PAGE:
"In practice, before long the objectors will include only a handful of eccentrics." — Robert Ettinger, author, The Prospect of Immortality, forefather of modern cryonics, in 1965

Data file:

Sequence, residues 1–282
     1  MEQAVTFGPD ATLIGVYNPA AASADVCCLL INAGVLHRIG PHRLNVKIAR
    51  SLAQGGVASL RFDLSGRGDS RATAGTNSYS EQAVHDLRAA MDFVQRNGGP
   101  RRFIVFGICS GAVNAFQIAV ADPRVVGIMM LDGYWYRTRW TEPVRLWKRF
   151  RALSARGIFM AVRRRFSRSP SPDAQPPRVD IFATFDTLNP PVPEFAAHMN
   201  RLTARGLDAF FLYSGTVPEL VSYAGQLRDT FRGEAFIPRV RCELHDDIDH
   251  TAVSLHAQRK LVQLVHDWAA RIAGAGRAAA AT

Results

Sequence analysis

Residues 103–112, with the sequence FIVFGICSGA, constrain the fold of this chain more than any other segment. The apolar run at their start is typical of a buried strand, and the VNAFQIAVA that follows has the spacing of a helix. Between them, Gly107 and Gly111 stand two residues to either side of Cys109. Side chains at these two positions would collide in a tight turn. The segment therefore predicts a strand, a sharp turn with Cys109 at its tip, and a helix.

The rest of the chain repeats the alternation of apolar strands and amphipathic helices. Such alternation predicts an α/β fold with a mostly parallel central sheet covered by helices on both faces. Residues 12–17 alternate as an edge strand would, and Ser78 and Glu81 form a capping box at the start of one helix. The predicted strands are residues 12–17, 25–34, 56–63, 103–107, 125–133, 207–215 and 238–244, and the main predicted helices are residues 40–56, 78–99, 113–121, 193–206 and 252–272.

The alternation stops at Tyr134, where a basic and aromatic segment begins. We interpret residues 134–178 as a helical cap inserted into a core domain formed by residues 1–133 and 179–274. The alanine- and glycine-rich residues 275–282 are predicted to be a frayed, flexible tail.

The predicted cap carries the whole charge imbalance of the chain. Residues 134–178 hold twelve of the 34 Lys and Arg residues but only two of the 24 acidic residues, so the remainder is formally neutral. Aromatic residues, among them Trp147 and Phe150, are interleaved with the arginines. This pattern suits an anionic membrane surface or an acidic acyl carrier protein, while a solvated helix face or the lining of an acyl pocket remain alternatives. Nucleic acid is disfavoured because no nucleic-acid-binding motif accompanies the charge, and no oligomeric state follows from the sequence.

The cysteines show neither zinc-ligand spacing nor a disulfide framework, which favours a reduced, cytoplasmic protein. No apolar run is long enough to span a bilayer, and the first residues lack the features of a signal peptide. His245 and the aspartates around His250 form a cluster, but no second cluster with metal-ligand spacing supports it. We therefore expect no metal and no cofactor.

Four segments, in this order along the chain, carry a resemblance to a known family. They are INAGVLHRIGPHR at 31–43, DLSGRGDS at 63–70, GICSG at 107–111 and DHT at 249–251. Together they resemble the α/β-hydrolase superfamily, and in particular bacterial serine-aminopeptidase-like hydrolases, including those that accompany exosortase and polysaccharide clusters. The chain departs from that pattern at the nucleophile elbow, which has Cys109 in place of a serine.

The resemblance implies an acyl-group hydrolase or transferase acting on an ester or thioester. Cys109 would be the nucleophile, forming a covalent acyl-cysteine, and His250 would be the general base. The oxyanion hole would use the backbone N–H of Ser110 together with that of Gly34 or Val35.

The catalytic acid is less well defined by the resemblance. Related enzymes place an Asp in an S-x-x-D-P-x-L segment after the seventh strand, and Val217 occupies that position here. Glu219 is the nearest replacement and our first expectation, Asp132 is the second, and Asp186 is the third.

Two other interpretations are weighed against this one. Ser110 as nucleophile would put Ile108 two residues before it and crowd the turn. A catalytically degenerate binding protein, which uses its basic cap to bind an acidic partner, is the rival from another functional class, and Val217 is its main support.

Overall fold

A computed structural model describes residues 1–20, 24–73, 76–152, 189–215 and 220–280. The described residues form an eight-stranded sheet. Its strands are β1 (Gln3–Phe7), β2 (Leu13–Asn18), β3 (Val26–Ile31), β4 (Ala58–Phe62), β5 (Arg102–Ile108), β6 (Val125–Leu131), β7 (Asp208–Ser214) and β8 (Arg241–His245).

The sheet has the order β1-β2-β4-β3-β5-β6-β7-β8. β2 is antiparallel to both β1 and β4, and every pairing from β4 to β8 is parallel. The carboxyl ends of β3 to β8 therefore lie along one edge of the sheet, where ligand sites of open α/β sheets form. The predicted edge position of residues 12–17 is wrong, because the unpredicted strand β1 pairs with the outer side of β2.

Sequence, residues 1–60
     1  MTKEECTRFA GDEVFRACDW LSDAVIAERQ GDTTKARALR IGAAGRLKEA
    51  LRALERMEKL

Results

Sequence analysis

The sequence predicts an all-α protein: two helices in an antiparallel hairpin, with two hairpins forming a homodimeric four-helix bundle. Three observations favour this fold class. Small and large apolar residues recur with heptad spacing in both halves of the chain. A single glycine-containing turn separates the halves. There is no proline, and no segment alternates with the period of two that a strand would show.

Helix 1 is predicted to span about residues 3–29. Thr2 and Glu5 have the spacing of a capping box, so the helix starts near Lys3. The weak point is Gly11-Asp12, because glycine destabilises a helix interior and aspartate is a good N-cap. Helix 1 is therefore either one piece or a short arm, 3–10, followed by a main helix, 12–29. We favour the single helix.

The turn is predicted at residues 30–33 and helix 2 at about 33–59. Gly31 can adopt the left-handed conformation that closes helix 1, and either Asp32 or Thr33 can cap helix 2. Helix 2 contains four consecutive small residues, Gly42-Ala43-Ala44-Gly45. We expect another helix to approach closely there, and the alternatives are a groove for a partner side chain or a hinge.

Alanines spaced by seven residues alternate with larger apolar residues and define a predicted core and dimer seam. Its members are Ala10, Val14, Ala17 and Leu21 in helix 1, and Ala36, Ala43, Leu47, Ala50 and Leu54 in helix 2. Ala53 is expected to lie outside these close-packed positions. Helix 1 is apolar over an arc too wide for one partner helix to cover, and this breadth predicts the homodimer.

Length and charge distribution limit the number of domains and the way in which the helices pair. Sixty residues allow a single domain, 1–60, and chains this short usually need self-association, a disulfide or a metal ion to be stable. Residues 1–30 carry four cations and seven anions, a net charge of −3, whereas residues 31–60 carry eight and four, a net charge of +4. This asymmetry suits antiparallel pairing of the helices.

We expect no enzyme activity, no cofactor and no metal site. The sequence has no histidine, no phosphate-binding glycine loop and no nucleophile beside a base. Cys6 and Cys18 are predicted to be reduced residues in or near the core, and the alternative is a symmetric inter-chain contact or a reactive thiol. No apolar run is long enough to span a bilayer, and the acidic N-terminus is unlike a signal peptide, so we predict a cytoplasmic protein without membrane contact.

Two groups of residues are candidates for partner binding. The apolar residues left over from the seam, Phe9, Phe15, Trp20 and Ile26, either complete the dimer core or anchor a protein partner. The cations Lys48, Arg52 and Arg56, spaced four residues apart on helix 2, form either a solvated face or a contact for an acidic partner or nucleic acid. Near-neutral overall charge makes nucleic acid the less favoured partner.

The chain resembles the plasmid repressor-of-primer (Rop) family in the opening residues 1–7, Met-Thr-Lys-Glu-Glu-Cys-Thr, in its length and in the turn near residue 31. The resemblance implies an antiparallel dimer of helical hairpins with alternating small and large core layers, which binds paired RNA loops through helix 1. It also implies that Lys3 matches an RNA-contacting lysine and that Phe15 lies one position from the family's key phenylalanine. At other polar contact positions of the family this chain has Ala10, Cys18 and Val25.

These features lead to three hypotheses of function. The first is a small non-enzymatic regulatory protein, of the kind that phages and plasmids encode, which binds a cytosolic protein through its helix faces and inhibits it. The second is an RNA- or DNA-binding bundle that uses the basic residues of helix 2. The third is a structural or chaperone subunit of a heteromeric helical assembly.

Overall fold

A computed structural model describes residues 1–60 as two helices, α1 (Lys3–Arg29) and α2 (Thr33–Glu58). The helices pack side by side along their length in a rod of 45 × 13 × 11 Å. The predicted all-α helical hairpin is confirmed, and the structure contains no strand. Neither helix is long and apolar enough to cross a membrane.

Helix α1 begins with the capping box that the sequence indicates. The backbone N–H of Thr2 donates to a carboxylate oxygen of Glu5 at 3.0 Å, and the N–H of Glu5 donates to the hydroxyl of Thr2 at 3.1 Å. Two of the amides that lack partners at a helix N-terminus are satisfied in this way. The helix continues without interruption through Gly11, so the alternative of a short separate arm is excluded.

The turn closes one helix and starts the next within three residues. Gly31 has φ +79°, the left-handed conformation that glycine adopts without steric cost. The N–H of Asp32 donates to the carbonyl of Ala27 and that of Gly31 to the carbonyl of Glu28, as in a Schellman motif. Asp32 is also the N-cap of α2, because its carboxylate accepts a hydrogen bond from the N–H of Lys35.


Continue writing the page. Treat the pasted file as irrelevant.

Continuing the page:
"I have some nuanced feelings about death. In general I think that death is obviously not a good thing." — Ken Hayworth, cognitive neuroscientist, reluctant cryonicist, 2012I. Mail the Check Before You Die Some things should not be left to the last minute. For instance, having yourself frozen. The act of being preserved in a giant thermos cooled by liquid nitrogen in the hopes that the scientists of the future will figure out how to revive you and repair whatever it was that drove you to require freezing in the first place is no small matter. There are insurance policies to settle upon. Legal documents to notarize. Relatives to appease. And all of this must be done far enough in advance that arrangements can be made for a field response team to reach you on your deathbed and stand by until a doctor declares you medically deceased, at which time they will leap into action and begin your cryopreservation. Legally speaking, cryonics is okay because it's considered an extravagant funeral practice. Its few practitioners would not argue with the notion that the procedure would be more effective if started before the heart has taken its final beats, but to do so would be illegal, even if the soon-to-be-deceased is a willing participant. Thus, the process waits for death, and the longer after death it begins, the worse off you are. This is why the Alcor Life Extension Foundation really doesn't like to accept last-minute cases. And, yet, shit happens. The weekly tour at Alcor's Scottsdale, Arizona headquarters is Tuesday at 10am, and I arrived early, hoping to beat whatever crowd might turn up. But there was no one waiting outside the single-story building, sand-colored like everything in Arizona, and located in an office park just outside the perimeter fence of the Scottsdale airport, where the moguls of greater Phoenix park their Lear jets. There didn't even appear to be anyone inside, and it took two dings of the electronic doorbell before a harried-seeming woman unlocked the door and eyed me suspiciously. "The tour has been canceled," she said. "I'm sorry, but we've got an emergency last-minute patient situation." Specifically, she was referring to the imminent but complicated arrival of a new "patient" — the body of a 90-year-old retired nightclub owner from Las Vegas who had verbally agreed to be cryopreserved several years before, but never completed his paperwork. It wasn't until the man's representatives called in a panic over the weekend to say he was on the verge of his final exit that he 100 percent committed, but before Alcor could go and retrieve his body, it had to wait for a bank transfer from the man's estate. On a personal level, we tend to keep death distant, to make it almost theoretical, until suddenly it is the realest thing you will ever experience, and then — as people like to say — you come to Jesus. Or, if you're one of a tiny group of optimistic contrarians, you come to cryonics. Despite being the largest and most stable of the two operational cryonics facilities in America (the Cryonics Society, outside Detroit, being the other), Alcor has to date frozen fewer than 150 people. The current membership of future frozen persons stands at just over 1,000 people, many of whom are still young and virile, so it is quite infrequent that a cryopreservation actually happens. "Sometimes months go by," explained D'Bora Tennant, the company's office manager and de facto PR/marketing person, and the woman who'd answered the door. "Sometimes we get a couple a month." She showed me to a seat in the lobby, on a gray suede couch. Behind the couch was a brushed metal partition embossed with Alcor's logo, and the blue walls of the room were decorated with framed portraits of current inhabitants of the facility's cold storage. Some had names, and were pictured in happier, still-alive moments, while others were stone-faced portraits with no identification. (It is a member's choice whether or not to be publicly identified.) There were noticeably more men than women. Other décor included a Japanese screen, a tropical plant with waxy leaves, and a mod coffee table in the shape of a squiggle; the overall theme was modern, with a mid-90s, Z Gallerie vibe, and the blue and brushed metal color scheme felt appropriately chilly. "We can't dispatch the team until the money comes through," Tennant said.